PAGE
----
After making 3 landings with the 4th MarDiv (Roi-Namur in the Marshalls, Saipan and Tinian) I asked for a transfer into heavy equipment and became a bulldozer operator. I felt real good about being in a much safer MOS. (Didn’t hear too much about bulldozer operators getting killed.) I was given what they call a TD-18 bulldozer (An 18 ton bulldozer) one of the biggest the Marine Corps had at the time. Two weeks after getting the TD-18, I was told to bring it to the mechanic’s shack where they outfitted it with 3/4” armor plate. So much for being in a safer MOS. “I was probably the only Marine wounded on Iwo Jima on D-Day while drinking a beer.”

I was the youngest Marine in Arlington, Virginia discharged on points after the war. I was discharged on October 29, 1945. I met a buddy from my old outfit in March of ‘45, we got drunk and we both ended up back in the Corps. (They had to hold us up while we were sworn in.) I was assigned to guard duty at the Naval Gun Factory in Washington, D.C. In August of 1945 I was transferred to the Leatherneck staff as a mail truck driver. In less than two weeks I became a staff artist and remained with Leatherneck until I was discharged in March of 1948.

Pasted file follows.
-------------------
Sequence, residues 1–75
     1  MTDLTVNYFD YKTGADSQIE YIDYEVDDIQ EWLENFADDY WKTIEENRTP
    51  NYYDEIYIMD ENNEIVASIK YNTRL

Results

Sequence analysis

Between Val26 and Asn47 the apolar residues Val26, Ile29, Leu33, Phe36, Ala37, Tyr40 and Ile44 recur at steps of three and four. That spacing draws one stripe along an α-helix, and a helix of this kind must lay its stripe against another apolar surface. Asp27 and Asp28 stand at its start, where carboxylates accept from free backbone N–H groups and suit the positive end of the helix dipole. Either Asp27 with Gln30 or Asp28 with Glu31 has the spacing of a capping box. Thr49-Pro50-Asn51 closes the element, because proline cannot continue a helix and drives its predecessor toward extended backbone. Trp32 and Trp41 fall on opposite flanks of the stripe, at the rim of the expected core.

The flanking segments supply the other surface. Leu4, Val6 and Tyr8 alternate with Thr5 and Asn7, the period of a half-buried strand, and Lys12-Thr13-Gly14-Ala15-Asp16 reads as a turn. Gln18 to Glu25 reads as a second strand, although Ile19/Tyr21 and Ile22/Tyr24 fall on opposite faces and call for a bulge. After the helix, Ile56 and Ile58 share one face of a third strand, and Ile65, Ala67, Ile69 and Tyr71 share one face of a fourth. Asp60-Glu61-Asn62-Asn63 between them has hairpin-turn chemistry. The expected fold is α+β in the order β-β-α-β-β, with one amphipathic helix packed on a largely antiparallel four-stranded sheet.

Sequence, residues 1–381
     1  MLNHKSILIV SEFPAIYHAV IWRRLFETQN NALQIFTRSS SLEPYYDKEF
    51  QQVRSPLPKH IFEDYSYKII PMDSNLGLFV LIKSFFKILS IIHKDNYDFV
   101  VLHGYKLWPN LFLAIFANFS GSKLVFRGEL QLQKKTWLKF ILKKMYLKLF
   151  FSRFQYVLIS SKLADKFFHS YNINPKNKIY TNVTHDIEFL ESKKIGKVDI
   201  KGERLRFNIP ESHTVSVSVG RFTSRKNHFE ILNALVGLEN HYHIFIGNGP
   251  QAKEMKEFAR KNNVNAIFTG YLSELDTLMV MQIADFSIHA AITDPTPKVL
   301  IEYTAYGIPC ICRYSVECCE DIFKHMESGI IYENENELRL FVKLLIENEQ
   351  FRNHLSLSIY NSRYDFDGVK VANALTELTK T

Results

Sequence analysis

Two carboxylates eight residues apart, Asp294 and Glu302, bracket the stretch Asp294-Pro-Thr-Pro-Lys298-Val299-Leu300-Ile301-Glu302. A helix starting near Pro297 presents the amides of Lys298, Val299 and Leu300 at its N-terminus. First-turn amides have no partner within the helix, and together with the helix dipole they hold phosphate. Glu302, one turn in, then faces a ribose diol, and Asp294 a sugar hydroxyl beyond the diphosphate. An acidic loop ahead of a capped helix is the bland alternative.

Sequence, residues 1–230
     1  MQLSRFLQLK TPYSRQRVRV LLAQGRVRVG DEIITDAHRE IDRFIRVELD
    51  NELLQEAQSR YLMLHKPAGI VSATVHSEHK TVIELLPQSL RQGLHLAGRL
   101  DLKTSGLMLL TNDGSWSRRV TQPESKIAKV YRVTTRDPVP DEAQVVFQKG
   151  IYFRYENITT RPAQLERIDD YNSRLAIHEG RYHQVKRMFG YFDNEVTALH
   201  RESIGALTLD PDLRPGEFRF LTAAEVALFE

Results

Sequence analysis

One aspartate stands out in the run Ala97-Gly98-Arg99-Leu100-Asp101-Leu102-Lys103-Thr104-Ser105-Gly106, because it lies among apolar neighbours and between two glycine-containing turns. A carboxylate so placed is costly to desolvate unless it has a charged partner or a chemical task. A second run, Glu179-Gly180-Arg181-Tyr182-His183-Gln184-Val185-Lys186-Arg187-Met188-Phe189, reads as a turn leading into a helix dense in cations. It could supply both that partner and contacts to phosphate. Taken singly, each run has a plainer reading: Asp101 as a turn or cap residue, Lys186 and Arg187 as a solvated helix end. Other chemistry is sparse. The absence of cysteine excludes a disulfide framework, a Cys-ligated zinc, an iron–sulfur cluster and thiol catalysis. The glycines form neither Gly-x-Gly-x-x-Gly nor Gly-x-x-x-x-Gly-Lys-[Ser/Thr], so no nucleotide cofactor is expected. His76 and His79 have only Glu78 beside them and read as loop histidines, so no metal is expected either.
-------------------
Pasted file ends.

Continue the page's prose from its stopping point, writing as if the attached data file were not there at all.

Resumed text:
After leaving Leatherneck I became the Art Director for Haynes Lithograph in Silver Spring, Maryland (where Leatherneck was printed). I soon left to became a free-lance artist in the D.C. area in the spring of 1950. In April, I joined the Marine Reserve as a Corporal. In June, Korea broke out and on the anniversary of my first discharge I reported for duty at Camp LeJeune, N.C. to draw my uniforms, etc. and to receive my orders to the Philadelphia Supply Depot and the Navy/Marine Corps Publicity Bureau in Pennsylvania. I was immediately assigned to work in the Art Department under MSgt. Paul Woyshner, a Russian citizen (who only had 43 years of active duty). Paul is credited as being the first to utter the words, “Once A Marine, Always A Marine.”